that his buddy in Italy, was a doctor who spoke Italian fluently.
Because of this, Lt. Benson said, he really enjoyed the Italian
people and had a fair time in Italy. Lt. Benson entered the service
in April 1942 at San Francisco, by enlistment directly into the
air arm of the army. He received his commission and wings at Roswell,
Marine’s Sacrifice Earn Honor Medal
WASHINGTON (U.P.) The Congressional Medal of Honor has been awarded
posthumously to Marine Sgt. Herbert J. Thomas of South Charleston,
W. VA., who threw himself on a grenade to save his companions during
fighting on Bougainville, the Navy has announced. The 25-year-old
sergeant, who was killed in the Koromokina river area on Nov. 7,
1943, deliberately threw himself upon one of his own grenades, which
had ricocheted back into his group after he had thrown it.
Air Corps Captain, WAC Lieutenant Wed
Captain William Paule and Lt. Eleanor Burkholder, both of
Pennsylvania, were married in a simple ceremony Friday at 7:30 p.
m. at the Congregational Church parsonage here. The Rev. Mr. F.
E. Carlson performed the rite. Captain Paule, a pilot, is stationed
at Oroville Army Air Field with the 400th fighter squadron. His
bride, public relations officer in the WAC, is on leave from Craig
Field, Ala. The couple will spend their honeymoon in Oroville. Major
and Mrs. Paul M. Brewer Jr., attended them at the wedding.
Stu’s Notes: George Thurston, Oroville Hero who served his country
well in WWI, home in 1919. We don’t know much about the Oroville
men who went “over there”. We know of 7 that died during 1917-1918
from Oroville, thanks to Jan Rose Bales. Who was that pretty girl
that caused the Lt. to be thrown in the water? Did she marry her
boyfriend, or maybe the young Lt.? Somebody knows the “rest of the
story”. I asked myself, could I do what that young Marine did to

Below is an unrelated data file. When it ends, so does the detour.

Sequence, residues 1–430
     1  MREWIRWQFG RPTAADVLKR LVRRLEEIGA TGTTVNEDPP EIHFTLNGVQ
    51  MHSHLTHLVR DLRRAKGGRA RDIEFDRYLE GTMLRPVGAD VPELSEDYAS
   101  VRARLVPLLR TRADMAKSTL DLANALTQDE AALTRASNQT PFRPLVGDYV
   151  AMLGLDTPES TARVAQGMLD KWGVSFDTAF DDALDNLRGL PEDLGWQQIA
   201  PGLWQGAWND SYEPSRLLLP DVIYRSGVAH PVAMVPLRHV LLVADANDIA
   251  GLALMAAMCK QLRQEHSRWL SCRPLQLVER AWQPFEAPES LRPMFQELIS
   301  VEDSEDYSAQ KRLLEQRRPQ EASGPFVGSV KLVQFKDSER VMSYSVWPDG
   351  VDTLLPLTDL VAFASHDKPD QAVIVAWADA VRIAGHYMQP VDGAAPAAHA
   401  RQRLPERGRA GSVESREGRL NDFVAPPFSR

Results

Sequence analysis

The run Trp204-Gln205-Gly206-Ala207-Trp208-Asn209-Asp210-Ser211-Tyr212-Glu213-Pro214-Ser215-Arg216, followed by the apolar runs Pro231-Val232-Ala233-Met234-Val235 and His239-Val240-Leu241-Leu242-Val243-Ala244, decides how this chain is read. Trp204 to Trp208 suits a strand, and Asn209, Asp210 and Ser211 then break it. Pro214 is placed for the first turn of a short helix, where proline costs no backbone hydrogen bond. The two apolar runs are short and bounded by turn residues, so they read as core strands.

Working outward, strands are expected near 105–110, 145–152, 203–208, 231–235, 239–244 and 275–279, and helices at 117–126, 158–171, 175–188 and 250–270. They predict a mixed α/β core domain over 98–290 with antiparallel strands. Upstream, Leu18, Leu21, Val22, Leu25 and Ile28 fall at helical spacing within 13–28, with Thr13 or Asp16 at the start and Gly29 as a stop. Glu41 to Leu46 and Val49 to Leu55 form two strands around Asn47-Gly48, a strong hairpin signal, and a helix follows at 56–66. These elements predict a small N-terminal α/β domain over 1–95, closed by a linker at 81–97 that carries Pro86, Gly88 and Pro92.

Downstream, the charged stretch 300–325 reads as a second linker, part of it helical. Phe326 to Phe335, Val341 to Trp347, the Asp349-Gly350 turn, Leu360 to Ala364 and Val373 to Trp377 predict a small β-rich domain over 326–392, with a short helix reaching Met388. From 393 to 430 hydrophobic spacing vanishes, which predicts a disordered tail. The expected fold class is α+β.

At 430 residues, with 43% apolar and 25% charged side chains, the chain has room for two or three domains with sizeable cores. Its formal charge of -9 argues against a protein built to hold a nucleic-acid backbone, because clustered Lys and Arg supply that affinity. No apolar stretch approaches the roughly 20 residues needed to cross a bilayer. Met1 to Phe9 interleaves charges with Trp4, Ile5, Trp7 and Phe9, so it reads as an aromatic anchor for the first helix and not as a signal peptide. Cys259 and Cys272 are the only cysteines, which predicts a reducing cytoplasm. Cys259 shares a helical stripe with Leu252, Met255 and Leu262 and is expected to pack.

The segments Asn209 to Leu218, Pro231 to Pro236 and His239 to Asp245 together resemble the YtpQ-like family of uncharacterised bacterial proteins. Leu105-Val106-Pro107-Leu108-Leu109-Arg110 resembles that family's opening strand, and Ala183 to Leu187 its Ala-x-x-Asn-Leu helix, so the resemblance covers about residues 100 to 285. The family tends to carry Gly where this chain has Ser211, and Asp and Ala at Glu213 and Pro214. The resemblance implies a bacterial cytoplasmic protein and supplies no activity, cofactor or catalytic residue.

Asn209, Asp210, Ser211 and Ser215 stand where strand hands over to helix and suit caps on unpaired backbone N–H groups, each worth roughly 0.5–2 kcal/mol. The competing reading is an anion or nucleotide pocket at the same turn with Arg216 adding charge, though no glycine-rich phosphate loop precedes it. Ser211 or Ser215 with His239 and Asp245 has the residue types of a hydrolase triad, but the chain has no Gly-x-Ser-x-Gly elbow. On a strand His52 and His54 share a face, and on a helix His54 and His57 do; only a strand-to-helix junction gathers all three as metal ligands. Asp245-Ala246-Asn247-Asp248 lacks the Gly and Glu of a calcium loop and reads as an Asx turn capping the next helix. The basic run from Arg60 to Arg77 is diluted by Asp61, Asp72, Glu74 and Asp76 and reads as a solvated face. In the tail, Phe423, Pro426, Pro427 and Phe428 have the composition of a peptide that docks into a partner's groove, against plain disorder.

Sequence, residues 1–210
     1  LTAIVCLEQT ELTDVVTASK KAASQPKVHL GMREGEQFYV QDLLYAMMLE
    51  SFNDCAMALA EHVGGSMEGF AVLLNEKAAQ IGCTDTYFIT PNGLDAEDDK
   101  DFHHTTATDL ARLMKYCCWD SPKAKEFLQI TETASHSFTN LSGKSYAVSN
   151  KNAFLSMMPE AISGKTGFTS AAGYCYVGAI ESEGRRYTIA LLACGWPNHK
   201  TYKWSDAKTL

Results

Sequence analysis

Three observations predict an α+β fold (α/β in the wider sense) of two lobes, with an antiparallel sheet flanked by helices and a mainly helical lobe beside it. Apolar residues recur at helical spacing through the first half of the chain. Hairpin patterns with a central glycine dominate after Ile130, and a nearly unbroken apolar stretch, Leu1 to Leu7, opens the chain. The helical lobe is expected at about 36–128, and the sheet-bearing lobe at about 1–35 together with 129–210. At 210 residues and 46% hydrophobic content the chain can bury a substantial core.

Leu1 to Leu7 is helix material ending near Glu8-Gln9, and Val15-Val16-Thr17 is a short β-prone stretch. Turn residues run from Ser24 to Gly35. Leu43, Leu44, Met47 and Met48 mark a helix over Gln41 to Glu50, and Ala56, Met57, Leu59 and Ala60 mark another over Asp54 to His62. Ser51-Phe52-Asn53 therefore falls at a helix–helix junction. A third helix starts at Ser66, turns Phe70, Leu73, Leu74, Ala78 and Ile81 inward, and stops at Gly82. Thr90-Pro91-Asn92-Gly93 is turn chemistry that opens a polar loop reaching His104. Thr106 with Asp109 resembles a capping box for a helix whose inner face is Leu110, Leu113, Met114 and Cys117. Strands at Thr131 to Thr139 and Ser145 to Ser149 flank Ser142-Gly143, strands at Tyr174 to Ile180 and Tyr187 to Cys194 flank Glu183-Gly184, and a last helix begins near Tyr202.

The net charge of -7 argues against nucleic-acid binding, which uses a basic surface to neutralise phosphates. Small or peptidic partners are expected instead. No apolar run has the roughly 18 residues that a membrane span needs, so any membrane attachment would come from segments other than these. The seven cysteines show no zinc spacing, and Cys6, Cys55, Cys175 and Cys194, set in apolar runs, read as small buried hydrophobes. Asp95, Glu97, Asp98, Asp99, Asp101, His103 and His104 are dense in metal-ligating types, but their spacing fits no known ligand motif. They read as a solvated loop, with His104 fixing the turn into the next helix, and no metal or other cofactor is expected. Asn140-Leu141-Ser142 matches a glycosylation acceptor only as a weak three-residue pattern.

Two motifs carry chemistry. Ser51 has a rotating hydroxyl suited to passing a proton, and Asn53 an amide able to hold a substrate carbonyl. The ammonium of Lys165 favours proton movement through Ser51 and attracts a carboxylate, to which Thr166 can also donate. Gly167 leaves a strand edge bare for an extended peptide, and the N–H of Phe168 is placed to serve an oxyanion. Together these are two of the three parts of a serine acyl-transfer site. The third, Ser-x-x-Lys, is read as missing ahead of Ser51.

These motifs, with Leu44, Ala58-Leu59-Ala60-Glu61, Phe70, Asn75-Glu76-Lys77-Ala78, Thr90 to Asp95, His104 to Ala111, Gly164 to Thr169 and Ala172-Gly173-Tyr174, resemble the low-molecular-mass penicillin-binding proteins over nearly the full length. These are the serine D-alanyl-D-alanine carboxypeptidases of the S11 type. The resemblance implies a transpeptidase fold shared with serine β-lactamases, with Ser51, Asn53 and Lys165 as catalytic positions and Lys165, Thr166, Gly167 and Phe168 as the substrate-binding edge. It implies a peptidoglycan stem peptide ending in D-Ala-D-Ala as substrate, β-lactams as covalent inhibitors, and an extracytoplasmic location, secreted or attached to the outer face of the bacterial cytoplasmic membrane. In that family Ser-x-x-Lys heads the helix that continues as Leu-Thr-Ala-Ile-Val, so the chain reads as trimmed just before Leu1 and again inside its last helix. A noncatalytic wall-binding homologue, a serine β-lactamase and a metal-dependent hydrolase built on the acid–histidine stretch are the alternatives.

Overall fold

save his buddies? I don’t know. In our wars many went “above and
beyond the call of duty” less than 500 in WWII were awarded the
Medal of Honor. Oroville has strong ties to two of these men both
awarded posthumously. You can read their stories on our web, as
I have written about them over 2 years ago in this column. Thanks
again to Daryl Autry for a web site that keeps getting better and
Founding Committee member Darby Miller is home now mending from
Open Heart Surgery. Darby is tough, surviving the tail end of WWII
as a 17 year old kid (his words) who grew up fast. You might have
seen the movie of the rescue of American POWs in the Philippines.
60 years ago this week Darby was involved when they brought in the
POW’s from other camps, Camp O’Donald and Billabeen, two of the
worst Prison camps of all times. Darby helped set up temporary hospitals
at Luzon for them. One young seaman was killed unloading. Darby’s
words, the prisoner brought in looked like walking skeletons, eyes
sunk in all suffering from terrible diseases, rags for clothes,
you could count all their ribs. All were under 100 lbs. By morning
31 had died, they stayed alive for one day of freedom. Soon they
were put on the Hospital Hope and Mercy. As they were brought out
in small boats, because of lack of a dock. The nurses lined the
rails and waved, this meant so much to the men who hadn’t seen girls
in 3-4 years. Darby would not let me use his name if I didn’t say
that he was no hero, just did his job. Well, to me they are all
heroes all that served our country well.